Beacon Towers of China Great Wall
How did beacon towers help deliver military messages?
Soldiers were stationed in the Great Wall of China guard towers. When the enemies were approaching, soldiers on guard set smoke in daytime and lit fire in night to tell the next guard tower that dangers were coming. Then the soldiers on the next tower would do the same to tell the next till the nearby troops were armed and ready to fight. This was how they guarded the Great Wall of China.
How was the smoke and fire made at the Great Wall of China?
In different dynasties, different materials were used to make smoke and fire, and different amount of smoke and fire represented different numbers of approaching enemies. In the Han Dynasty (202 BC - 220 AD) for instance, the grasses and tree branches were used in daytime together with wood piles and drums, while torches were used at night also accompanied with wood piles and drums. Lighting of one wood pile indicated that the coming enemies were less than 1,000; two wood piles indicated over 1,000 enemies; three wood piles indicated over 1,000 enemies were attacking the barrier right at the moment. There were also different regulations on the use of other materials based on the number of enemies and the direction of attack.
In some time periods, animal dung was also used. The best-known is wolf dung and this is the reason why the tower smoke is called "Langyan", meaning “wolves' smoke” in Chinese.
Where to build the beacon towers?
For better viewing points, watch towers were generally built on high places like mountain peaks or hill tops. The high altitude ensured that the nearby towers and troops see the messages clearly.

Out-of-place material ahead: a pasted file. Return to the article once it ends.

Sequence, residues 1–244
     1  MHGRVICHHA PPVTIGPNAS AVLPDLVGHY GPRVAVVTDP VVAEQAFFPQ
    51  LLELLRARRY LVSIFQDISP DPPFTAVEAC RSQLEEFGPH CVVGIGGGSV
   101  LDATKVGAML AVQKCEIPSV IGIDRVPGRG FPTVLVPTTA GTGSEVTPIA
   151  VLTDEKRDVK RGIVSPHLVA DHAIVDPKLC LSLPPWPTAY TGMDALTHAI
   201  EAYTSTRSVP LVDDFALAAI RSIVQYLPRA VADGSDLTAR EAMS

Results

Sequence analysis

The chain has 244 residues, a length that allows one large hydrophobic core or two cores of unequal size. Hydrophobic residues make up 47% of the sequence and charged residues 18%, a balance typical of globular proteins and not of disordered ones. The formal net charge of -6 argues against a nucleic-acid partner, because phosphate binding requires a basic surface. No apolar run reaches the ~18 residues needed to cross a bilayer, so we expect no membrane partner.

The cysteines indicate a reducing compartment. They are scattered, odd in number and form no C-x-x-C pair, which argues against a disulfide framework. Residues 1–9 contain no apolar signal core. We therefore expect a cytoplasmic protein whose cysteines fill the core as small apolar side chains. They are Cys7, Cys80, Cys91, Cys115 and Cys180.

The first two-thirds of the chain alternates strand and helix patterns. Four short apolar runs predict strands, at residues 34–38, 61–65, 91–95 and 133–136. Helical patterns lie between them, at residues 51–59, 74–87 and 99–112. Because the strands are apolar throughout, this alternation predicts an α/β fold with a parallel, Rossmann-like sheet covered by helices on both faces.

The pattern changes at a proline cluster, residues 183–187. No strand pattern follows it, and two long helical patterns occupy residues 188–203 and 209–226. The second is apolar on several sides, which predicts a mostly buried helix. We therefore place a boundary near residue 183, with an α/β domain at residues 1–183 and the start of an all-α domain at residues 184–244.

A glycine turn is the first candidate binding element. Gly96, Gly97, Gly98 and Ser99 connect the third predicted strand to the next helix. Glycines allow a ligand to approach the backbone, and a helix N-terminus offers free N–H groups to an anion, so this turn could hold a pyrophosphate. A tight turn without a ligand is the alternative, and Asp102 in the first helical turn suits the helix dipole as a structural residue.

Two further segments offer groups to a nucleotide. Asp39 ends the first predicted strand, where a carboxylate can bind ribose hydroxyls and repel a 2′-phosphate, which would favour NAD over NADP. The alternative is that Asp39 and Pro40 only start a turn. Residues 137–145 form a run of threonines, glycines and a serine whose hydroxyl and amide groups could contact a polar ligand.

Most beacon towers we see today are built right on the Great Wall. There are 3 other types of towers:
1. one type was built some distance away outside the Great Wall to better watch the enemies' movements;
2. one type was inside the wall and connected with the passes or garrisons where troops were stationed;
3. one was on both sides of the wall so soldiers could move to the wall from either directions as soon as possible if the enemies were coming.
The beacon towers were generally built by using local materials according to the local conditions. In mountainous areas, they are built by laying pieces of stones and bricks. While in grassland and desert, they are of rammed-loam construction.
The distance between two towers is about 5,000 meters (5,468 yards); in some sections built in the Ming Dynasty (1368 - 1644), the distance between is about 2,500 meters (2,734 yards).
Shape and Structure of Beacon Towers
The beacon towers are usually in square, rectangular or round shapes. Those built in the Han Dynasty in northwest China are roughly square with the side length of 6-7 meters (6.6-7.7 yards); their remaining height is about 8 meters (26 feet). Those built in the Ming Dynasty were square or rectangular with the side length of 5-8 meters (5.5-8.7 yards) and the height of 6 meters (19.7 feet).
A beacon tower usually has 2-3 floors. The top was where soldiers kept watch and fire wood and animal dung were saved. The lower floors were used as soldiers’ rest places, storehouses and barns. In peaceful days, the soldiers even raised sheep and cattle in the lower floor to eat and saved their dung to burn in war time.
In some towers, stairs were built inside to connect different floors, while in some towers, no stairs have been found. According to historical records, wood ladders or rope ladders were used, which could be taken away when enemies were coming up.
King You, the king of the Western Zhou Dynasty (11th century BC - 771 BC), loved his concubine Baosi very much. To make her smile, King You ordered to light the beacon towers to fool his Marquess and soldiers. On seeing the soldiers scrambling to leave after knowing there was no enemies coming, Baosi indeed burst into smile. This made the king very happy and he repeated the joke more than once. Later, when the enemies really came, King You commanded to light the towers, but no soldiers came. The king was killed and the Western Zhou Dynasty collapsed.
How was the Great Wall of China defended?